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Why isn't sizeof for a struct equal to the sum of sizeof of each member?

#include <stdio.h>

int main(){

struct word1{
 char a;
 int b;
 char c;
};

struct word2{
 char a;
 char b;
 int c;
};

printf("%d\t%d\n", sizeof(int), sizeof(char));   //Output : 4 1
printf("%d\t%d\n", sizeof(struct word1), sizeof(struct word2)); //Output: 12 8
return 0;
}

The code is available at IDEONE.

Why is the size of struct 1 (word1) greater than the size of struct 2 (word2)?

Is this a compiler problem?

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marked as duplicate by Jeff Mercado, Paul R, Jens Gustedt, James McNellis, dmckee Oct 24 '10 at 19:31

This question has been asked before and already has an answer. If those answers do not fully address your question, please ask a new question.

    
Don't use 'void main()' and expect to be unshouted at - the correct return type for main() is int. –  Jonathan Leffler Oct 24 '10 at 7:25
    
one day someone is going to claim that returning void instead of int caused a nuclear meltdown, or something. –  Crashworks Oct 24 '10 at 7:27
    
OK, I'll take care of this from next time. –  Chankey Pathak Oct 24 '10 at 7:32
    
@Crashworks: maybe, but not by me. It means that there is no reliable value returned to the environment, so if program A is relying on the exit status of program B, it is undefined what value A will receive from B if B returns no value. Now, if the programs are anywhere near a nuclear pile, one would assume that the code reviews and testing and coding standards all ensure that no disaster happens. If beginners learn to return a value from main(), it helps get them ready to work in more demanding environments than classroom exercises. Eventually, they should read the C standard, but not yet. –  Jonathan Leffler Oct 24 '10 at 7:35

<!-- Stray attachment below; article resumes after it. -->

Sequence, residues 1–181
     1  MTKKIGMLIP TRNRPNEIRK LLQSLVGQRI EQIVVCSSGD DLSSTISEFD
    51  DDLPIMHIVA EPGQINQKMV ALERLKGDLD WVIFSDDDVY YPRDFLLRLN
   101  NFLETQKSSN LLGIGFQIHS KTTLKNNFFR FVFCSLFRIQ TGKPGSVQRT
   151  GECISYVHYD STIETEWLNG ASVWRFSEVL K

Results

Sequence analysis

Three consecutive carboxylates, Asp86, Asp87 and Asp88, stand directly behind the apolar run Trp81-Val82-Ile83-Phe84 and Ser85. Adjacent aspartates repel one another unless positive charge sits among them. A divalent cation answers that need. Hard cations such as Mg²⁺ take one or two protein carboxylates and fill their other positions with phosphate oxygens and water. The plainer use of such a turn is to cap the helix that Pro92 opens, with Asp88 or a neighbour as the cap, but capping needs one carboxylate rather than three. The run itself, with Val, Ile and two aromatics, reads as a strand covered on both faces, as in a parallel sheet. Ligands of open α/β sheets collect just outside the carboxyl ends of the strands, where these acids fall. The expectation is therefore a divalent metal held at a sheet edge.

Gotta be one of the most duplicated on-topic question on Stack Overflow. –  dmckee Oct 24 '10 at 19:33

2 Answers 2

up vote 9 down vote accepted

The int probably has a four-byte alignment requirement, so in the first case, both of the char elements need to have three padding bytes appended to them but in the second case you only need two padding bytes after the second char element (because a char element has an alignment of one byte).

word1 looks like:

0   |1   |2   |3   |4   |5   |6   |7   |8   |9   |10  |11
a   |  (padding)   |b                  |c   |  (padding)

word2 looks like:

0   |1   |2   |3   |4   |5   |6   |7
a   |b   |(padding)|c               
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Case 1:

  0    1    2    3    4  
+---------------------+
| a    | Unused       |      4 bytes
+---------------------+

  0    1    2    3    4 
+---------------------+
|       b             |      4 bytes
+---------------------+

  0    1    2    3    4 
+---------------------+ 
| c    | Unused       |      4 bytes
+---------------------+

Total : 12

Case 2:

  0    1    2    3    4 
+---------------------+
| a   | b   | Unused  |      4 bytes
+---------------------+

  0    1    2    3    4 
+---------------------+
|       c             |      4 bytes
+---------------------+

Total : 8

P.S : Structure Padding is implementation defined.

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